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Autonomous Law Research

My autonomous law research focuses on the intersection of peer-to-peer decentralization technologies and U.S. corporate, securities and contract law.

Blockchain Tokens as Shares of Network Equity

Blockchain network tokens are not primarily products, software licenses or currencies (though they may secondarily have such functions). They are shares of 'network equity.' Securities laws may apply to them until the ecosystem has become sufficiently decentralized. Sufficient decentralization occurs when the tokens no longer represent investment contracts and no single party or group of affiliated parties controls the network equity or means of block production on the network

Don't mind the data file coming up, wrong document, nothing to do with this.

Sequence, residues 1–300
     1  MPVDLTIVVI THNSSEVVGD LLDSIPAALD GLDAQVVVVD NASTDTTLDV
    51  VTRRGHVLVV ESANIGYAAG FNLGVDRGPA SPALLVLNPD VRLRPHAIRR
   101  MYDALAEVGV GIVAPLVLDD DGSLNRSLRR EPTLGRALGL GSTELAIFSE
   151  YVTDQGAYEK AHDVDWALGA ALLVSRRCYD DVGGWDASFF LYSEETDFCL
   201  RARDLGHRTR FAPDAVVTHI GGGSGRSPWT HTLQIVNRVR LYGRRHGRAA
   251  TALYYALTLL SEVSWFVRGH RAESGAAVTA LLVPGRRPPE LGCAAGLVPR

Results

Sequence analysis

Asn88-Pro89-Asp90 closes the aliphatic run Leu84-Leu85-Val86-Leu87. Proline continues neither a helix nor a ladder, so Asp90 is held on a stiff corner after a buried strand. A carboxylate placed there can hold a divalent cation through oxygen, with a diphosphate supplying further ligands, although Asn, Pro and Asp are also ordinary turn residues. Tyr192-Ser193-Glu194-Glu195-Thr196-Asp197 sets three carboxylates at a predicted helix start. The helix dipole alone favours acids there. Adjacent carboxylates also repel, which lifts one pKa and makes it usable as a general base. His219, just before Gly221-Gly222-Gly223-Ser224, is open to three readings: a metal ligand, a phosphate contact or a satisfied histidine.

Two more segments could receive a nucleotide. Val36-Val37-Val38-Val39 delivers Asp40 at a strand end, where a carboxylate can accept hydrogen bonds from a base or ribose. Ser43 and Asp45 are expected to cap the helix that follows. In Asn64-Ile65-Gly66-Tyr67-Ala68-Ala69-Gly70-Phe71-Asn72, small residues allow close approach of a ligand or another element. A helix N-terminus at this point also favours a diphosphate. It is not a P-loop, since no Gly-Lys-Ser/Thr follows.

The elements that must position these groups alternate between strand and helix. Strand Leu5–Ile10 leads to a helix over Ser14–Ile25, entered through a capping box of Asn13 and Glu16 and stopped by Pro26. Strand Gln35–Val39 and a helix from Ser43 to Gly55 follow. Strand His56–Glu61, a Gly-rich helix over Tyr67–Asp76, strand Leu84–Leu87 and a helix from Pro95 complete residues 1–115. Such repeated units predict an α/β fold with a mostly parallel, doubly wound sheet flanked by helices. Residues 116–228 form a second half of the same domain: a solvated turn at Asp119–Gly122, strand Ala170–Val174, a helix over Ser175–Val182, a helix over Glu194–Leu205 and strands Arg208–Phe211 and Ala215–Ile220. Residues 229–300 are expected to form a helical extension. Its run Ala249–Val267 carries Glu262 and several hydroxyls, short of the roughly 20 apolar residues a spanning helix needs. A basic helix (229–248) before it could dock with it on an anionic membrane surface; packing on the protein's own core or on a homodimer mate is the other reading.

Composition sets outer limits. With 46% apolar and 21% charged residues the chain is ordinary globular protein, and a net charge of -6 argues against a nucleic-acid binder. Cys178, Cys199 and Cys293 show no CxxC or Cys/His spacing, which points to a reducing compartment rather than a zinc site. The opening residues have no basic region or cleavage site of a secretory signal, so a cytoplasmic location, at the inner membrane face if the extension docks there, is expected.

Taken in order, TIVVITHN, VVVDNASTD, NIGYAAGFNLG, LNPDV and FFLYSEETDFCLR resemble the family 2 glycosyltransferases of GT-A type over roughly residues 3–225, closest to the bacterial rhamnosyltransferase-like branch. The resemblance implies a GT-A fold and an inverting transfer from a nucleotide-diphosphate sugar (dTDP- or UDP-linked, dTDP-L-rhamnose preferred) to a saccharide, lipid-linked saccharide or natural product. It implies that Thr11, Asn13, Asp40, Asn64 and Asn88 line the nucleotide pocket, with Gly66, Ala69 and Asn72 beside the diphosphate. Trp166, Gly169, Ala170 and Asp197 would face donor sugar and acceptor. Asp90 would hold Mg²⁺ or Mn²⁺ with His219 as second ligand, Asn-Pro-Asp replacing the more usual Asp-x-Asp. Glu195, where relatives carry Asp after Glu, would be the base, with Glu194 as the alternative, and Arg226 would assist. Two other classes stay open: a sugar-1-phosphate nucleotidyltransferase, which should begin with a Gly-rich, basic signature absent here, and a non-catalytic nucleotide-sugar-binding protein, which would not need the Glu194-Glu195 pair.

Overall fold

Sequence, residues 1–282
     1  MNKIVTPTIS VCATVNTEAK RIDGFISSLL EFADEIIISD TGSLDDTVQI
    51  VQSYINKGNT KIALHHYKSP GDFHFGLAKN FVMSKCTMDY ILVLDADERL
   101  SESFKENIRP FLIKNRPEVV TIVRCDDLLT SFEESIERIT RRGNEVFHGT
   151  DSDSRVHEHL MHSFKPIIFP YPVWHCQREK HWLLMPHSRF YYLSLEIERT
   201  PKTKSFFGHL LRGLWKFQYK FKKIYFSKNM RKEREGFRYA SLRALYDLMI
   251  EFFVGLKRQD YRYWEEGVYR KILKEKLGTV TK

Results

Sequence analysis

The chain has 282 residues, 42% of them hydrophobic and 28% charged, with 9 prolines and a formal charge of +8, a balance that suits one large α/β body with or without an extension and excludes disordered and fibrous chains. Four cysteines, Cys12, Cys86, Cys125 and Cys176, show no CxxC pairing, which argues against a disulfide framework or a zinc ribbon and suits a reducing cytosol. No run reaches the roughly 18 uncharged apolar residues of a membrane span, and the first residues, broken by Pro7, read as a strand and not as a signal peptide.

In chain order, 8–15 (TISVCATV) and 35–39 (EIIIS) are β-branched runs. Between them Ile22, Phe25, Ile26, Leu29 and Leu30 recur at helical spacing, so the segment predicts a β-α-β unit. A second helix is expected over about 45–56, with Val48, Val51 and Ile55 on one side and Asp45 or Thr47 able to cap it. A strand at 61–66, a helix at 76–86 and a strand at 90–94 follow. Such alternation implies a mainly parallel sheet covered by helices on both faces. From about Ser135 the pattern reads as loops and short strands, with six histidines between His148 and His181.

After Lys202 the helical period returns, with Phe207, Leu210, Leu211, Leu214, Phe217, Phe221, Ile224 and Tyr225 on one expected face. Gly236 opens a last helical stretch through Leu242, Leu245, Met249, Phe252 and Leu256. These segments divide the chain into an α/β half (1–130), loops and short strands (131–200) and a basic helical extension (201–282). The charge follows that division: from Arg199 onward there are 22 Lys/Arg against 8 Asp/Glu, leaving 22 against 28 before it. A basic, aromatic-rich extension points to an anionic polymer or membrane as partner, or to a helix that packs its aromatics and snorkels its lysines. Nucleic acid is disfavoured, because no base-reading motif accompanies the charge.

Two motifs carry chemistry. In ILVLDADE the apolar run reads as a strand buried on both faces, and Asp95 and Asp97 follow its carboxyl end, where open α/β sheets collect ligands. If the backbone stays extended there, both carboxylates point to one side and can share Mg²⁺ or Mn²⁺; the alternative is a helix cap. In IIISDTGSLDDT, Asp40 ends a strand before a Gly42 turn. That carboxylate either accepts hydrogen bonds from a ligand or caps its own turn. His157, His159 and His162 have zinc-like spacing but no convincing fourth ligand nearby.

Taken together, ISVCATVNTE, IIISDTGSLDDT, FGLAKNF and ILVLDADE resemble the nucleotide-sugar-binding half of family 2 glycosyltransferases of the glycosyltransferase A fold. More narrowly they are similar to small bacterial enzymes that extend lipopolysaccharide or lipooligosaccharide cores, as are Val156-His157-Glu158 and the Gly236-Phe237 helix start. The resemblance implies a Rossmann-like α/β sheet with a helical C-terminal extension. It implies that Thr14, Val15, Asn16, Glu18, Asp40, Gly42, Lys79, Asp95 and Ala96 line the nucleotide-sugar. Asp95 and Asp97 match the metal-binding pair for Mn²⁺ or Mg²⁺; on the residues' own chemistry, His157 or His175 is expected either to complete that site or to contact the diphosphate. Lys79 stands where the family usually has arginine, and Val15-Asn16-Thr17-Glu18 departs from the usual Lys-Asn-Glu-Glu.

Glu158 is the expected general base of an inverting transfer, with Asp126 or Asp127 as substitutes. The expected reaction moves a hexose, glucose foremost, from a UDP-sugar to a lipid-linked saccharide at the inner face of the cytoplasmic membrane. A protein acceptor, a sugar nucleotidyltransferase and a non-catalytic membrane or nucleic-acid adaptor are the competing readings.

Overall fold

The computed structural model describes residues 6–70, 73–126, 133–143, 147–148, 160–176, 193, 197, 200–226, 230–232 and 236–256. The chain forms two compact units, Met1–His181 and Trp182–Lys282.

Tokens as Securities Certificates

Tokens on public, permissionless blockchain networks function as transferable instruments ('certificates') representing traditional and decentralized securities.

Qualified Code Deference for Legal Agreements

Smart contracts deployed on public blockchain networks should be combined with natural-language legal contracts under a synergistic "qualified code deference" methodology. This will enable parties to agree to abide by the results of smart contracts except in unusual circumstances

Blockchain Governance

Blockchain governance is best understood through the lens of "Szabo's Governance Trilemma". According to Szabo, blockchain governance generally takes one of three forms--'ruthlessly minimized,' 'lord of the flies' or 'lawyers'. Ruthlessly minimized governance, sometimes described as following "Szabo's Law", is the most robust against certain forms of social capture. However, when minimized governance is not desired or possible, legalistic governance is preferable to lord-of-the-flies governance. If a network will be subject to frequent hardforks which adversely affect minorities, due process is required and legalistic governance becomes particularly important.

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